Quality control in egg production
The first step in the quality control process is the segregation of eggs with obvious defects. The major technique used in subsequent quality tests on the rest of the eggs is candling. In this process, all eggs are passed over a bright light which shows up internal defects and previously undetected cracked or weak shells. The internal defects often detectable by candling include blood and meat spots, enlarged air cells and very thin whites.
Samples of eggs are also taken to assess egg freshness and yolk colour. These eggs are broken out onto a level surface and the height of the thick albumen is measured with a micrometer. From this measurement and the weight, the Haugh unit value of an egg can be calculated. The fresher the egg, the higher its Haugh unit value.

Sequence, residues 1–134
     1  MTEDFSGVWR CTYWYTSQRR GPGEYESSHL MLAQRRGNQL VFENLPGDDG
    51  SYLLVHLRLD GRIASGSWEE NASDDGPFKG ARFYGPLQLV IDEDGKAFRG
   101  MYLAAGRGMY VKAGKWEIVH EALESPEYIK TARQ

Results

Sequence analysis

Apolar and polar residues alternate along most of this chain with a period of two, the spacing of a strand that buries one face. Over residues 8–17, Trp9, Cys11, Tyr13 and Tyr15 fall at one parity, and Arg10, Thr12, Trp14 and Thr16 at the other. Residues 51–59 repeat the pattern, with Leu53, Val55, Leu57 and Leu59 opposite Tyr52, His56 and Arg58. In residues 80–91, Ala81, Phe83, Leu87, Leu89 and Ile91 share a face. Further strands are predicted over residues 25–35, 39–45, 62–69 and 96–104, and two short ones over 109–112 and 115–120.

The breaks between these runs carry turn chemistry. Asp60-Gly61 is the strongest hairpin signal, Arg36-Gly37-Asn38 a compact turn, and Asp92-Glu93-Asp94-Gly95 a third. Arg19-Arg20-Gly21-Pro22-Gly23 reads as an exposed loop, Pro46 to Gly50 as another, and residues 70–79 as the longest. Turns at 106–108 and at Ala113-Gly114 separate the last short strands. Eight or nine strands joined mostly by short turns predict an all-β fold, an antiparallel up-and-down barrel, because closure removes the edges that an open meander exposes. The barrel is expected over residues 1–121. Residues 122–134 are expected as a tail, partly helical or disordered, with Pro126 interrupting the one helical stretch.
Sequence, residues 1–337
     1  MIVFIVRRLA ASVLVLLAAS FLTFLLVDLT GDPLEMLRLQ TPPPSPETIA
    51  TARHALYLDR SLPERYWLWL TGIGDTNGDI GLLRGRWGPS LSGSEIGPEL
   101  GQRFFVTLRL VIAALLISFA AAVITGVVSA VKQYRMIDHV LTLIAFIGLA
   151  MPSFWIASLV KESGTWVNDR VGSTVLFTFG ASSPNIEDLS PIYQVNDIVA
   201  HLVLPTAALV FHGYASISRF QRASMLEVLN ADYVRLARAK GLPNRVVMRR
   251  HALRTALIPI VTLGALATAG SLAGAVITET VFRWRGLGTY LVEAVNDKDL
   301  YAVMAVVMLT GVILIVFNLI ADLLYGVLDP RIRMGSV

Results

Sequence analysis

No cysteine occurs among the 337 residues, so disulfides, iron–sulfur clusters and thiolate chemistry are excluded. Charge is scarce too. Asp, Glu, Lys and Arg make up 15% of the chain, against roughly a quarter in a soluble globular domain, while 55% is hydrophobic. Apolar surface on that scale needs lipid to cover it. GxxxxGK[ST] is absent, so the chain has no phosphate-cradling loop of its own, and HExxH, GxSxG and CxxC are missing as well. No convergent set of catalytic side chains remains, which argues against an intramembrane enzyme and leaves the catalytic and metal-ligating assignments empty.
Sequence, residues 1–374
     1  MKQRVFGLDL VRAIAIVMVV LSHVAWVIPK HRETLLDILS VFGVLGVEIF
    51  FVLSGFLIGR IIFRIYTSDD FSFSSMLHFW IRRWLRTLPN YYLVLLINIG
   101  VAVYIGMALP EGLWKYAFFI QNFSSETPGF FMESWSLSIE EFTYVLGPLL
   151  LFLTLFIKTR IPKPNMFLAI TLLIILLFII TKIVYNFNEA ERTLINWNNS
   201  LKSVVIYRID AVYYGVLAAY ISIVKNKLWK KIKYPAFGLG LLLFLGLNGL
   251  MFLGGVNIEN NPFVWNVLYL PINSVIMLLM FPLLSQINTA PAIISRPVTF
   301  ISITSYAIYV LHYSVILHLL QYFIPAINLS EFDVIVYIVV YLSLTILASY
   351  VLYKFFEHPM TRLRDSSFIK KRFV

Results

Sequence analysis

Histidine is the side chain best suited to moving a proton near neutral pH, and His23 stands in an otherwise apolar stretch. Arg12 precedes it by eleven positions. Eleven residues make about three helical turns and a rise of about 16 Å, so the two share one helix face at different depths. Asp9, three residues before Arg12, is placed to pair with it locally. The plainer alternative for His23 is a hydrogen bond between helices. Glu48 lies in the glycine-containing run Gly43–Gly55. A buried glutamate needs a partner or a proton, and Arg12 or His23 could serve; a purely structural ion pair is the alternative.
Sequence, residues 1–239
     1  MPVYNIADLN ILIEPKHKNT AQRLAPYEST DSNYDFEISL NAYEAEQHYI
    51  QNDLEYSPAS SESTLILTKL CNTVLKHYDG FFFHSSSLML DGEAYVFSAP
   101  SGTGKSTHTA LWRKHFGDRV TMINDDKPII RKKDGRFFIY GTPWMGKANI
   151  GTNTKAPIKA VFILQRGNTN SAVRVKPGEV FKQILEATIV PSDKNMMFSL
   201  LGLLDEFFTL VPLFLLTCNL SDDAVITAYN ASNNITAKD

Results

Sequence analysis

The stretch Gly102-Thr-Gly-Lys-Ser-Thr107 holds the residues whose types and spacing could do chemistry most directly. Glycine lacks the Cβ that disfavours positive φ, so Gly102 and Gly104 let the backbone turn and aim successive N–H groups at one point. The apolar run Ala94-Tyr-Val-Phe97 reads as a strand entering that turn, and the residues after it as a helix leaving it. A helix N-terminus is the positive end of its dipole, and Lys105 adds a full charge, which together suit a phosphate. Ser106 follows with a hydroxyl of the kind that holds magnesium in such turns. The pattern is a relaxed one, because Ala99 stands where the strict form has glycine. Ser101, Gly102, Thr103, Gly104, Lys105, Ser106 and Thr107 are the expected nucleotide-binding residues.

Yolk colour is checked against a required colour standard, the DSM Yolk Colour Fan (formerly known as the Roche Yolk Colour Fan) being the one used by the egg industry worldwide.
Although definitions may differ between areas, in general, on candling first quality hen eggs must be fresh and free from blood spots and other inclusions, and must not have been subjected to incubation. The shell must be clean, sound and not misshapen.
The main difference between second quality and first-quality eggs is that the shells of second-quality eggs may be cracked and misshapen, but the shell membrane must be intact. They may also be less fresh, which is indicated by an enlarged air cell and watery white, but must be free from rot. Second-quality eggs, appropriately identified, may be sold (but not re-sold) in the shell for human consumption, or may be used for the production of egg pulp (bulk egg content mainly used in the food industry).
Eggs which do not conform to the requirements for first-quality or second quality eggs are not fit for human consumption. Examples of such eggs are those with large blood spots or other inclusions, rotten eggs and those with ruptured shell membranes.